BGRV

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Re: Indian Missiles and Munitions Discussion

Postby sum » 11 Aug 2010 09:47

Austin wrote:
sum wrote:Shourya is a cruise missile ( thats what the description mentions)?


I think it has been mentioned many times , it is a Boost Glide Reentry Vehical and not a Cruise Missile
BGRV

Exactly..thats why was asking Ramana-garu as to why he was thinking that the missile described is Shourya? ( when the para clearly mentions supersonic CM)...

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Re: Indian Missiles and Munitions Discussion

Postby Austin » 11 Aug 2010 09:56

sum wrote:Exactly..thats why was asking Ramana-garu as to why he was thinking that the missile described is Shourya? ( when the para clearly mentions supersonic CM)...


Sum can you point out which para mentions supersonic CM ?

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Re: Indian Missiles and Munitions Discussion

Postby andy B » 11 Aug 2010 09:56

sum wrote:
Austin wrote:Shourya is a cruise missile ( thats what the description mentions)?


I think it has been mentioned many times , it is a Boost Glide Reentry Vehical and not a Cruise Missile
BGRV
Exactly..thats why was asking Ramana-garu as to why he was thinking that the missile described is Shourya? ( when the para clearly mentions supersonic CM)...


saar ji looking at lightning bolts by Mr. Yengst it is most probable that Shourya is a BGRV.

What it means is the BGRV will be the warhead itself and its carrier module.

Ze flight path characteristics of ze shourya resemble very very closely to a mijjile that employs ze BGRV. This also explains why joo would need a rolling manouver onlee in order to dissipate the extra heat that would be encountered while phlying at a depressed trajectory onlee.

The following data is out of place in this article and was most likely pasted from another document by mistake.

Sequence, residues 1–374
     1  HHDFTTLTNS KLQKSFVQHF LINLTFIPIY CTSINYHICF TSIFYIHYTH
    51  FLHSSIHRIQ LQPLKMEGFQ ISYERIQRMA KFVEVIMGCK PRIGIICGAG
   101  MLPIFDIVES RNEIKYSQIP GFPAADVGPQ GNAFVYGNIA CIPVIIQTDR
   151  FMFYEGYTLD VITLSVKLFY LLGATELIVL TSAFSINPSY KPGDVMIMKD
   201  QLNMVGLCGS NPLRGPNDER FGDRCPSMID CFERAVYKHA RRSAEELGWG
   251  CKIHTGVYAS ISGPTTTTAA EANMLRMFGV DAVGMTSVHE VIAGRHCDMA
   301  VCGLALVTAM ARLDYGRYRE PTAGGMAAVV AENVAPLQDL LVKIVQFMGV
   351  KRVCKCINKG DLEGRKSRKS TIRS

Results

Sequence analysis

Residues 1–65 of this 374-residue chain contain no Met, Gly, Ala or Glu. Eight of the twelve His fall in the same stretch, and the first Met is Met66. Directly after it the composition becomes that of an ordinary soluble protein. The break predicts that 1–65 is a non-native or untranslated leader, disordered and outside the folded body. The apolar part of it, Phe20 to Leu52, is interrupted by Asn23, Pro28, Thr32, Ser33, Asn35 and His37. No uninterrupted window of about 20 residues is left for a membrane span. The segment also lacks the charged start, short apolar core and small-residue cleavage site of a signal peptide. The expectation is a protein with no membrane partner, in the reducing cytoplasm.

IIRC one of ze main characteristics of the BGRV is it never leaves the atmosphere completely..

Thinking a bit about this concept I think the next phase of evolution would be to mate a independent manouvering warhead/s to the BGRV making it into BGMRV by doing so we would be able to use the energy that the bgrv would already have and increase it exponentially combined with independent motor of its own I imagine 4 shouryas releasing their BGMRVs in different directions all in the end headed towards a location in the tibetian plateau....AOA

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Re: Indian Missiles and Munitions Discussion

Postby Srivastav » 11 Aug 2010 13:16

jaladipc wrote:
the three sucessfull tests of the hypersonic cruise missile,we validated different parameters including thermal stability at................................


any source or is this panwala info

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Re: Indian Missiles and Munitions Discussion

Postby sum » 11 Aug 2010 13:22

Austin wrote:Sum can you point out which para mentions supersonic CM ?

My bad...meant hypersonic CM.